Summer in the City is back


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Steinbach’s premiere festival, Summer in the City, is back and organizers couldn’t be more excited about this year’s offering.

The festival takes place June 17-19 on Main Street, and is once again a celebration of arts, culture and summer.

Festival Operations chair Graham Pollock said this is the first return to normalcy since the 2019 event. Summer in the City was cancelled in 2020 and was run at a much smaller scale as part of Fall on the Farm at the Mennonite Heritage Village in fall of 2021.

CARILLON ARCHIVES Crowds packed Main Street during the last full Summer in the City event in 2019.

“I think it’s been a long two years, not just for the festival but for everybody,” Pollock said.

The festival returns to its roots, offering performing and visual arts as well as cultural programming.

“It’s an opportunity for us to showcase the talent that is in the Southeast here, not just the performing arts but the visual arts component as well,” he said.

While tickets must be purchased for headliner acts Absolute Queen and the Hunter Brothers on Friday and Saturday night, the rest of the festival is free.

The Main stage features a variety of entertainment beginning at noon on Friday and running to late afternoon Sunday. Almost 30 acts will grace the stage during the three day event. It’s an important part of the festival, not just for attendees but for the acts themselves. “It allows us to allow people that have many talents in this area to showcase their talents,” Pollock said.

The Cultures stage will also be busy throughout the event featuring dancing styles and music reflecting Irish, Metis, First Nations, Jamaican, the Pacific Islands, Mennonite, East Indian, Scandinavian, Filipino, West African, French, Korean, Latin music, Ukrainian, and Iranian cultures.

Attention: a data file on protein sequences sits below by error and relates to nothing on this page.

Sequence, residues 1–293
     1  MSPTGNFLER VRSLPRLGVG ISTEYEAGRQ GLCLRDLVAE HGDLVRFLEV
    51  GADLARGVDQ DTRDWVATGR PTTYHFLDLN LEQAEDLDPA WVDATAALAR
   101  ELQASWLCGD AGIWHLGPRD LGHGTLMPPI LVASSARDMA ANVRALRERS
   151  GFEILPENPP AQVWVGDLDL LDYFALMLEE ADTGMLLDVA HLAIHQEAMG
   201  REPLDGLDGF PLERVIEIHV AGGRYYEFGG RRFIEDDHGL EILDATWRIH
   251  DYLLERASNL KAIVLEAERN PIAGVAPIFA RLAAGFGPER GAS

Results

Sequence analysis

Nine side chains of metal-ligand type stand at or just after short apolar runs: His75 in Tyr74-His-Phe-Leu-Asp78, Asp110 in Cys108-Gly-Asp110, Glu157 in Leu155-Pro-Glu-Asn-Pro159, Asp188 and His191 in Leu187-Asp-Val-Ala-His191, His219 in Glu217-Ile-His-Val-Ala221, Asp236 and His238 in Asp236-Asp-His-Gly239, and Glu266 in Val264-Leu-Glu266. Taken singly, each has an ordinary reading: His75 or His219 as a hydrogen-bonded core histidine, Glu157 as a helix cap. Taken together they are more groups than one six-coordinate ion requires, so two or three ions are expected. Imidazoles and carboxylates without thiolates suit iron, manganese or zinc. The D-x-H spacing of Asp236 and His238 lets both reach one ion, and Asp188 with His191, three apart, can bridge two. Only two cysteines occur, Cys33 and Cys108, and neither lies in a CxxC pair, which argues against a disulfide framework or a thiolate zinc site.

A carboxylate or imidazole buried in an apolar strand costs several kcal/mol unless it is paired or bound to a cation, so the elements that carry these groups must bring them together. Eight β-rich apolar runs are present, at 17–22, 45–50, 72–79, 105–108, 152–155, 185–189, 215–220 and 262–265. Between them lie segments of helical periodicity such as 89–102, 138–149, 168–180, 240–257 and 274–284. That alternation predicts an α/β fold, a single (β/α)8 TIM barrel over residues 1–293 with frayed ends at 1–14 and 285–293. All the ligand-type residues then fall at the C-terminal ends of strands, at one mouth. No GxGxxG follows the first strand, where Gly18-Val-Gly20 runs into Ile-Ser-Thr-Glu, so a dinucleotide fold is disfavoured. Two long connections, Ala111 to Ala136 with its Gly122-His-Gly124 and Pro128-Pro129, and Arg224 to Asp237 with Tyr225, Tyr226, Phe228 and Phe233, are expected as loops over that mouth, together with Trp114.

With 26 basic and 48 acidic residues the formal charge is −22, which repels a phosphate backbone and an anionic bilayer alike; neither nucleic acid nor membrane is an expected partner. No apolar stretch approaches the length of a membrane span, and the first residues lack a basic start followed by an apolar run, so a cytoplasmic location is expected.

Pollock said there’s incredible cultural diversity in Southeast Manitoba, something they can tap into for the event.

This year for the first time the Manitoba Metis Federation will also have a place. They will host the Tom Dutiaume Band, and jigger Dean Davis on Sunday.

“I think moving forward it’s an area we can really grow as well because the Metis culture is a huge part of our culture in the Southeast as well,” Pollock said.

The Artists in the City component includes an oil still life party for adults with Aleks Klemm, paint parties for kids with Amber Van Ma’iingan, paint parties for 16+ and adults with Rachel Cholet, beading for kids with Amber Van Ma’iingan, and a Father’s Day Lego sculpture competition.

Street arts include a skateboarding competition, rap battle, and a Boss Dance Academy Showcase.

This year there’s plenty for children to do as well. Kids in the City runs all three days and includes bouncers, bubble labs, a foam party, a visit by Prairie Exotics, face painting, crafts, balloon animals and mini golf.

The midway is also open for kids of all ages.

Sunday will include the traditional community worship service and will feature music and entertainment throughout the day.

“There’s something for everyone here,” Pollock said.

The festival also offers a car show, sports in the city at the TG Smith Centre, a Seniors in the City spot and plenty of vendors.

In fact, from the time the festival kicks off at 7 a.m. on Friday with the Steinbach Credit Union pancake breakfast, to the time it closes with the final act of Acorns & Armchairs on the main stage beginning at 3:30 p.m. on Sunday, close to 100 different acts and activities will have taken place.

Close to 160 volunteers will work the festival in different aspects, and Pollock said there’s still time to take part.

To volunteer, purchase tickets or see the full schedule go to Tickets for the headliners can also be purchased at the information booth or at SAC.

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